I agree about having a massing study and/or a market study, especially if the city wants to micromanage the commercial uses.

theoverlook

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Re: Pitching to a developer
« Reply #7 on: August 03, 2020, 01:36:00 PM »
A one acre lot in a small midwestern town hardly seems worth proposals for development. Maybe that's why they didn't get any proposals. One acre lots aren't worth enough to attract the attention of developers unless they're somewhere very desirable.

affordablehousing

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Re: Pitching to a developer
« Reply #8 on: August 03, 2020, 02:56:50 PM »
My bet would be for a small scale site like 1 acre, you could try to get an architect to do the massing study for a nominal fee, like $500, and pitch it as an opportunity for them to be in front for designing the project should a developer bite. If the City is invested in developing this, they may be willing to pick up the tab. Real estate brokers may also have go to architects they can recommend who do this cheaply for land sales. A vacant lot doesn't spark much imagination, but a crude rendering of 8 townhomes usually invites more bids.

Michael in ABQ

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Re: Pitching to a developer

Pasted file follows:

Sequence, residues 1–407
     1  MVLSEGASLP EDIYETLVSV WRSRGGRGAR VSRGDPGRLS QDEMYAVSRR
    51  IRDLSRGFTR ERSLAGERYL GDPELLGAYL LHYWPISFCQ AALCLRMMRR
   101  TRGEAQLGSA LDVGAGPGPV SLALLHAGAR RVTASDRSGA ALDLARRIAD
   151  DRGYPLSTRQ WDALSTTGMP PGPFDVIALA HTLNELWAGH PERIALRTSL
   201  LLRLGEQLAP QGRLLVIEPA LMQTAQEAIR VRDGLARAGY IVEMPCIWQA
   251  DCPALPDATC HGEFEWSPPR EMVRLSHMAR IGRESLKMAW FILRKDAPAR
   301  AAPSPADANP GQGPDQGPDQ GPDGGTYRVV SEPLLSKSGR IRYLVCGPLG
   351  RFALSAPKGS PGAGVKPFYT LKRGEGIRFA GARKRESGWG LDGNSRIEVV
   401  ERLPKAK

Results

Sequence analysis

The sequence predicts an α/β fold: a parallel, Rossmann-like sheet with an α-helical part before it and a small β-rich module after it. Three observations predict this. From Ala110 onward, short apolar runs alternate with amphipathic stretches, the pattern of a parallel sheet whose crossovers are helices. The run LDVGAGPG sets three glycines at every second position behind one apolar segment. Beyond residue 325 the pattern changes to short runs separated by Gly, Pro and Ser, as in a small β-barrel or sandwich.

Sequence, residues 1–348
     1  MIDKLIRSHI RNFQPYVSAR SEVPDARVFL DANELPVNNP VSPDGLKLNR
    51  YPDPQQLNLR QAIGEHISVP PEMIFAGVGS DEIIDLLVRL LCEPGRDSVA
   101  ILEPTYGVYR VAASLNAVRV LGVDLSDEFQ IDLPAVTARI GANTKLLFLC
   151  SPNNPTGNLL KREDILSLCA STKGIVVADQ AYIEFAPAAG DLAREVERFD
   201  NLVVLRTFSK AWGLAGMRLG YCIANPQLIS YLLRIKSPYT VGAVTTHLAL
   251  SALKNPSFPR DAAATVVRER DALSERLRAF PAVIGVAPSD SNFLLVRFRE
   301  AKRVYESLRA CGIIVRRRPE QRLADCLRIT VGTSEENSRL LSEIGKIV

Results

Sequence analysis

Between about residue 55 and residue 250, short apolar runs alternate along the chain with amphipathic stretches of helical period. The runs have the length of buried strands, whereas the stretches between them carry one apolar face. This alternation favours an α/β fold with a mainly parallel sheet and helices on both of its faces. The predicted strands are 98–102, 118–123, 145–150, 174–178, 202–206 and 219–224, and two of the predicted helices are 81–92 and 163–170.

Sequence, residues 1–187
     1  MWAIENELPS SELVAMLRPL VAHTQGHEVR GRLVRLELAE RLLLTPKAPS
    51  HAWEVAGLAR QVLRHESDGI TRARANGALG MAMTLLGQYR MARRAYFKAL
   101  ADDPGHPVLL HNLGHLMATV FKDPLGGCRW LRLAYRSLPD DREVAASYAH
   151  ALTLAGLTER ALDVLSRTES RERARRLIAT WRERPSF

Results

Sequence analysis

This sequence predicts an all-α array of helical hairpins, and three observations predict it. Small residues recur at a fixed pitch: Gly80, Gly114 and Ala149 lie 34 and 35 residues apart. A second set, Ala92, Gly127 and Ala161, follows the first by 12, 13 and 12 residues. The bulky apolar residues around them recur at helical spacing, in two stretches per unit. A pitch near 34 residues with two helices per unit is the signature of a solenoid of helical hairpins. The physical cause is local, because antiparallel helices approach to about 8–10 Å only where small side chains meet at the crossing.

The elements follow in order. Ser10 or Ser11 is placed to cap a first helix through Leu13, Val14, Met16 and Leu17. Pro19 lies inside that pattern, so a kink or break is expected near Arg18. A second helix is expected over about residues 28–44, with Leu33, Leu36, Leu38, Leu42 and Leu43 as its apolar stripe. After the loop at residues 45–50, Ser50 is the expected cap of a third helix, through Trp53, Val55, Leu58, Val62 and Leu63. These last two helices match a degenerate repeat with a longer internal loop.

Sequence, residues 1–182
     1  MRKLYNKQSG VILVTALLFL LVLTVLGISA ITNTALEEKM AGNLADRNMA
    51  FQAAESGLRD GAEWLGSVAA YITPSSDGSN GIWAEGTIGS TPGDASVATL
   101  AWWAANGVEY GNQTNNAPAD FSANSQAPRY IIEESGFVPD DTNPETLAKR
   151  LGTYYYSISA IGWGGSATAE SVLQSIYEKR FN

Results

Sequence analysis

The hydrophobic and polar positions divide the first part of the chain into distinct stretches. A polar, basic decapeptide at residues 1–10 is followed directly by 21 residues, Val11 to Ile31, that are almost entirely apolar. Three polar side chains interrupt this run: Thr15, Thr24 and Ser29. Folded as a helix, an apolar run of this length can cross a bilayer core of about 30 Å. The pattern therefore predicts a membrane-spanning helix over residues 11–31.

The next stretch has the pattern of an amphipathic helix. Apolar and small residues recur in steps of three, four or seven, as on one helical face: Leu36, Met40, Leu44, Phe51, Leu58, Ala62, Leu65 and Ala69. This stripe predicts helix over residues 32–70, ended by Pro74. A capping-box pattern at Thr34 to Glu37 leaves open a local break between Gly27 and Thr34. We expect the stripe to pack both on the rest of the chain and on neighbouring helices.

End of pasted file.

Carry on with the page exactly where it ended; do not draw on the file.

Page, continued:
« Reply #9 on: August 03, 2020, 03:20:23 PM »
If it's on the main street there's a slight chance of getting something like an AutoZone or Dollar General or some other national retailer. Those large national retailers typically work with a group of developers who will build stores for them based on a guaranteed build to suit lease. I.e. if the developer builds them a store to their specifications, they will agree up-front to rent it for 10, 15, 20 years. The developer can get bank financing based on that because they know that it will cost them say $700k to build it but they can sell it to an investor for maybe a million who then gets a nice steady rent check every month for the rest of the lease term.

A lot that size might be worth a few dollars per square foot. Say $100-150k. Even if the city threw the land in for free that's not worth that much if you're talking 10-15 units, basically saving $10k a piece on something that will probably cost $100-150k a unit to build. The best bet is a local homebuilder who wants to take on a larger project. I can't see many developers from larger cities going into such a small market where they don't know the nuances of the zoning, don't know the market, don't know the demand, etc.